13. That was more than a decade ago. or become vocal when their feelings get hurt because something wasn't implemented the way they thought it should. @Creeker, SASS #43022 Two things that I also wonder about... Do we need to begin looking at ways to compete in our game in an environment where we may be restricted on the use of lead ammunition? Do we need to rethink how we categorize competitors?
  14. The current rule book has been around for a long time. How many safety issues are there in there now, and why have we not changed them yet? How many of the rule changes that we have made in the past 10 years are to correct safety issues? Please also read the following from @Blackjack Zak : specifically:
  15. Somebody sent me a p.m. saying my timing for a rule change committee process was off, and they very well could be right. I was just spitballing on the screen. Their suggestion was that, if forming a rules committee the way I outlined it to look at the changes the rules, it would be good for the committee to have, at EOT, a forum, where people could discuss with the rules committee any of the proposed rule changes. Sounded like a good idea to me. And, they are right, the rules change committee doesn't work in a vacuum. They will also work with the ROC to ensure that any changes jive with everything else, and are well-defined, without the need for clarification. And, if clarification is needed, they can be included in the rule to begin with. finally, it would be up to the board of directors to accept the recommendations of the rules committee prior to the new rule book being published
  16. The rule was not rescinded because it was a bad rule. It was rescinded because a member of the BOD took issue with how the rule was implemented. Having a process like that helps ensure that they make good rules to begin with that don't need revisions and clarifications ad nauseam later. It helps to have everyone on board with the process, the change, and the effects of that change before it is implemented. honestly, the process that I described isn't something that I came up with, but is used by several other national organizations to great success. Let me ask you, when was the last time they changed the rules of the baseball mid-season? To @Tennessee williams Point Absolutely.. there are many ways that we can reformat the rulebook to ensure that were collecting the rule and the clarifications are better put out all in one spot.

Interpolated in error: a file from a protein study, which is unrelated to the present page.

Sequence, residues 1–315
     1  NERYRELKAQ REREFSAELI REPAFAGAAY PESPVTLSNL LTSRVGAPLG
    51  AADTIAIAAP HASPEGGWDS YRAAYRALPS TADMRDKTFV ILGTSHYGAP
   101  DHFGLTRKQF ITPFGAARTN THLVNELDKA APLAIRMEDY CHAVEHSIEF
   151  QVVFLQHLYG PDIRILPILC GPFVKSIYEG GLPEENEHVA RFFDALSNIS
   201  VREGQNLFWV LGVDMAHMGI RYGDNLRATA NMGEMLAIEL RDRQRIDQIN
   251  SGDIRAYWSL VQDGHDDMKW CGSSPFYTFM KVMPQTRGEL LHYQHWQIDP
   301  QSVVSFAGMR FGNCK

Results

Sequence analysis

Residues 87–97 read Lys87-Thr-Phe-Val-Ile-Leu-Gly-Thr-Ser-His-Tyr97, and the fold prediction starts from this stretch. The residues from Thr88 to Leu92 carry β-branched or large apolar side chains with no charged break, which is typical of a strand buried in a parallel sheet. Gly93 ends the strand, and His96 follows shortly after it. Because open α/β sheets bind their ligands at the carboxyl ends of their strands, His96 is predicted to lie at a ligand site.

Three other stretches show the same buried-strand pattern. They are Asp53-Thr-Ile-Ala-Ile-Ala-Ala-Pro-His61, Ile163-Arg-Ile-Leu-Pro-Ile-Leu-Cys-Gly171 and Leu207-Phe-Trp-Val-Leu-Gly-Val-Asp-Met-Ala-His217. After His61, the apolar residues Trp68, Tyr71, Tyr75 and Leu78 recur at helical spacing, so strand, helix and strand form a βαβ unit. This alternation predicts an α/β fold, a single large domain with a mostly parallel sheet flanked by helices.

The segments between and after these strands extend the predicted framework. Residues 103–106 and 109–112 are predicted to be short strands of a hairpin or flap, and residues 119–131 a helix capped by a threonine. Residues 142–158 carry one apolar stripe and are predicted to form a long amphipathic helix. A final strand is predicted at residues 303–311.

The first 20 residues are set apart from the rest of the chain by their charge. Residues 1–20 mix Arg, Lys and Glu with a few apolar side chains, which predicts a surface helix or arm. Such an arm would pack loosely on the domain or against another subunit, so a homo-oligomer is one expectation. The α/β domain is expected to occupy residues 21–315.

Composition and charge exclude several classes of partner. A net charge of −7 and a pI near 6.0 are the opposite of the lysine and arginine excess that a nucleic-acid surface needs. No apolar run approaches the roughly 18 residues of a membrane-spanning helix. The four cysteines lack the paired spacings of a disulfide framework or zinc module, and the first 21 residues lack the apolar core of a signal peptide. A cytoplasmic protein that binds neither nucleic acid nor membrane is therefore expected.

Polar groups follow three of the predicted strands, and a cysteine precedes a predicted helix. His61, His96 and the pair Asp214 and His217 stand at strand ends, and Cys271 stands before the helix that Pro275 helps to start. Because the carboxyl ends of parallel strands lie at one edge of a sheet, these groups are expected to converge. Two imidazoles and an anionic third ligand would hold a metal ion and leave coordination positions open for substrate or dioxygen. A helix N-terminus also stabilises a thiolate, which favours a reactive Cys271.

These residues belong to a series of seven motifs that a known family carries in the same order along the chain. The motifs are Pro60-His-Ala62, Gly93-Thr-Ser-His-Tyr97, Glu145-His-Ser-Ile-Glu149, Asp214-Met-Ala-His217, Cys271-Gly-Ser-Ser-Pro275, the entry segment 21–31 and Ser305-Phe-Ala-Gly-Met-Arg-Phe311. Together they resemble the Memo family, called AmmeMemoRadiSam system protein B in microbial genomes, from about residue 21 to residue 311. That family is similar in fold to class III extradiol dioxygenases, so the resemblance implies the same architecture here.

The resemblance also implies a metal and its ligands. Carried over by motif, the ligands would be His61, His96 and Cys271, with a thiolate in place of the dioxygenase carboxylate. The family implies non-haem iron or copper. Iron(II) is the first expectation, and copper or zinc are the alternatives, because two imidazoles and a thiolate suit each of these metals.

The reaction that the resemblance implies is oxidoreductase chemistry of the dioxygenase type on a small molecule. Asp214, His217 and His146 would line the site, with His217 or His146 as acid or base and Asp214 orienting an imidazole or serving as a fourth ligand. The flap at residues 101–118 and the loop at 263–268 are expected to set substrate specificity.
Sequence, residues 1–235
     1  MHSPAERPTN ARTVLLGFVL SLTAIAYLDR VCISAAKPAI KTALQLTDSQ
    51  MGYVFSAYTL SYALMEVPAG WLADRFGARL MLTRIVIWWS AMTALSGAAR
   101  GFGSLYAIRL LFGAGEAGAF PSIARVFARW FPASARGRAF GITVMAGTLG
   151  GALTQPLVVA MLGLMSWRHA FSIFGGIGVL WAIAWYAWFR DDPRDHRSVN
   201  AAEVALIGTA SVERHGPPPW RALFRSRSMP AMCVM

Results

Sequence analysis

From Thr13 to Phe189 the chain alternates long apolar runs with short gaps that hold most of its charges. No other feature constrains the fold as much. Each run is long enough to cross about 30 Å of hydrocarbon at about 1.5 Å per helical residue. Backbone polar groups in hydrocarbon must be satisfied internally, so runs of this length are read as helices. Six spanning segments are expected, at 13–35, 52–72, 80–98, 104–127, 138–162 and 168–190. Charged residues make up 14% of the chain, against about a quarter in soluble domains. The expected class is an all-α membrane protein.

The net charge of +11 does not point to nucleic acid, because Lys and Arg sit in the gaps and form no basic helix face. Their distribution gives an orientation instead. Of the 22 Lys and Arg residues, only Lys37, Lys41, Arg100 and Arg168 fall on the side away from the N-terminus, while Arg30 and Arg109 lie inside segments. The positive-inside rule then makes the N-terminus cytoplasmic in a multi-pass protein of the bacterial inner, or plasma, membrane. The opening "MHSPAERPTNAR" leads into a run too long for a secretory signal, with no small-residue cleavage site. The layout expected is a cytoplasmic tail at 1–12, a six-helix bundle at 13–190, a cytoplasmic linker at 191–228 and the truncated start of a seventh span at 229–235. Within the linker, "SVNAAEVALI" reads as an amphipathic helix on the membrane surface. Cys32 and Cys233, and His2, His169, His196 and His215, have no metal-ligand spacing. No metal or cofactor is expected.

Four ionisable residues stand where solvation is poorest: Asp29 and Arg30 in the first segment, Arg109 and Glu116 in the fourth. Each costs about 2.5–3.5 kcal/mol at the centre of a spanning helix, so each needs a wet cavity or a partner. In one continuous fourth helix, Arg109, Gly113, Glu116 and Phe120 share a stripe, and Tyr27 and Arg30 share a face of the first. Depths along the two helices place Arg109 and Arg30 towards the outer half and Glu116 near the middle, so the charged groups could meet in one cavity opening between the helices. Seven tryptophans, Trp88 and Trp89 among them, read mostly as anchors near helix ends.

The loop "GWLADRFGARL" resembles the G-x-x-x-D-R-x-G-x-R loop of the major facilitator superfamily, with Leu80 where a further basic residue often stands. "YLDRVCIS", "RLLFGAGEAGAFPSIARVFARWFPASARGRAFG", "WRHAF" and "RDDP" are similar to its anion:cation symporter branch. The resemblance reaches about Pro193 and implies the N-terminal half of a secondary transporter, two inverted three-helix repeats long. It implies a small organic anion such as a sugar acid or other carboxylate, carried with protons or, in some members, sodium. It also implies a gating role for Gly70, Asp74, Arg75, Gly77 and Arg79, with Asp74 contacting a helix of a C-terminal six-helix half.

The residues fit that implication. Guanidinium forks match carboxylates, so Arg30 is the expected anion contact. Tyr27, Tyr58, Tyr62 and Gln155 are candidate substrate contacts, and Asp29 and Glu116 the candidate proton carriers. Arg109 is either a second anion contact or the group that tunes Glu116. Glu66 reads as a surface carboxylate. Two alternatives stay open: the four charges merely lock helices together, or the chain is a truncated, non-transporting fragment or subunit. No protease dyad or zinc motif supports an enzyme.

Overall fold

17. I respectfully disagree with you there, Widder. Part of the problem we have had over the last decade or so are folks not being able to keep up with rule changes and clarifications changing rules on an irregular basis. then, it becomes a luck of the draw and what TO you get before you figure out what rules and clarifications you are going to play by. In order for a rule to become effective, you must give it time to become part of the culture. You must give it time to be implemented around the world, studied, and see it is having the desired effect before it's revisited again. Take for example the fiasco of the lever rule from a couple years ago. They implemented a rule change, a short time later it was rescinded, then it was revisited, then implemented something again. And, just because we didn't learn from that fiasco, we had to do it all over again. Look at the mess that we got with moving with a cocked rifle from the loading table. Rule was voted on by a committee and came out, everybody had it figured out. People started running the matches with what they thought the rule to be. Well, they thought they had it figured out. Come to find out they didn't. A couple months later oh, a rule change comes out. Or rather the clarification on the rule change. And we still have people who don't understand the nuances of this rule. And, depending on what range you go to, will tell you what the rules going to be. Just that whole process created a lot of hurt feelings, and even just distrust of the process. It's something that can easily be avoided.